There are a few pieces of mail that bring an instant feeling of dread—an audit letter from the IRS, a credit card bill after a Las Vegas vacation, and a letter from the medical board. We have no good solutions for the first two pieces of correspondence, but we have a few suggestions when communicating with the medical board.
1) Understand the medical board’s purpose. Every state regulates the practice of medicine for the same reason: Medicine requires highly specialized knowledge, and the average patient does not have the knowledge or experience to determine which physicians are qualified to practice.
Think of the harm that could result if incompetent physicians could practice medicine without oversight. Even worse, think of the harm that could result if non-physicians could provide medical services without proper education and training. That’s why, in every state, the legislatures have passed laws to regulate and control the practice of medicine so people can be properly protected against the unauthorized, unqualified, and improper practice of medicine. Almost everyone agrees regulation of this nature serves a legitimate public purpose.
Consequently, whenever a physician deals with a medical board, they are best served by remembering that the medical board exists to protect the public from the unauthorized, unqualified and improper practice of medicine. The physician’s ultimate goal is to reassure that medical board that their practice is authorized, well-grounded in medicine, and within the standards of professional care. Even if the patient has complained because of a questionable motive, such as attempting to gain an advantage in a billing dispute, a physician cannot use the patient’s motive as grounds for defending poor medical care. Medical boards often distrust physicians who try to shift the focus from the adequacy of their medical care to a patient’s shortcomings.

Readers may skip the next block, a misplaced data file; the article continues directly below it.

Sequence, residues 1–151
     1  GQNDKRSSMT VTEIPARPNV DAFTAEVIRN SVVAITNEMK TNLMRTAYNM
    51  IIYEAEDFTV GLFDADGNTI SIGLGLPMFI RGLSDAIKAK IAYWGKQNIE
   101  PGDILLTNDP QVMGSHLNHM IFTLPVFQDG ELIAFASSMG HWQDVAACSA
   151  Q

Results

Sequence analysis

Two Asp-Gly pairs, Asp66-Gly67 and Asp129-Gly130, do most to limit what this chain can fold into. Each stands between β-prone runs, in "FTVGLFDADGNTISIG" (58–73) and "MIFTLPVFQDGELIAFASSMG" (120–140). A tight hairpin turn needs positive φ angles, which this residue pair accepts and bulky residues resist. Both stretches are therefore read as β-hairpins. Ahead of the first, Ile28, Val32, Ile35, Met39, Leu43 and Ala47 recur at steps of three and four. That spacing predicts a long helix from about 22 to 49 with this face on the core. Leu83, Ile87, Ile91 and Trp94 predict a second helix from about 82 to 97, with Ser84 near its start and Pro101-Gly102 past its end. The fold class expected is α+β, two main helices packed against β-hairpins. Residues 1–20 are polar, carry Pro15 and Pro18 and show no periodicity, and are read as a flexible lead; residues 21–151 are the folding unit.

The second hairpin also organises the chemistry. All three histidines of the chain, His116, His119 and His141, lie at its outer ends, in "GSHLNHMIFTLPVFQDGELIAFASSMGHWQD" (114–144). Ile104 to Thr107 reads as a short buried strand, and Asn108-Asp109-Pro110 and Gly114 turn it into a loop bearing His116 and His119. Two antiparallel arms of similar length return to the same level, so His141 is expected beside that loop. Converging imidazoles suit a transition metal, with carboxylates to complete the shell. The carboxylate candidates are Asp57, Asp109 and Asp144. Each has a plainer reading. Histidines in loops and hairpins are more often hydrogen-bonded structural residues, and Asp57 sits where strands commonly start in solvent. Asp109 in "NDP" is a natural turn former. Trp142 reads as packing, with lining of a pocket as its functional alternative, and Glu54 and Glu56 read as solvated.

2) Do I need a lawyer? In most states, the medical board will ask a physician to respond to every patient complaint—even if the complaint is outlandish. Rather than judging the complaint when it arrives, the medical board is more interested in assessing the physician’s response to the complaint. An unhappy patient may lack the acumen to explain the course of treatment and the specifics of their condition, so the medical board relies upon the physician to describe their conduct and the course of care.
Unless the patient’s complaint is in the category of “the doctor placed transmitters in my brain and now the aliens won’t leave me alone,” we always recommend a physician review the complaint and the proposed response with an attorney. In every state, there are attorneys who specialize in representing physicians before medical boards.
Because they’ve dealt with the medical board in many cases throughout a number of years, these attorneys have a good idea of what the medical board expects to see in a response, and, more importantly, what the medical board does not want to see in a response. Investing in an attorney’s services at the outset is money well spent.
Far too often, we see physicians who tried to save a couple of hundred dollars by responding to the medical board, but their response was ineffective. The physician is then faced with spending several thousand dollars defending a disciplinary proceeding. Even worse, if the physician has made a sufficiently serious mistake in the initial response, the physician is going to be stuck with that mistake, severely limiting the attorney’s ability to defend the disciplinary proceeding. Some medical malpractice insurers reimburse physicians for attorney’s fees incurred in responding to a medical board complaint, so check your policy.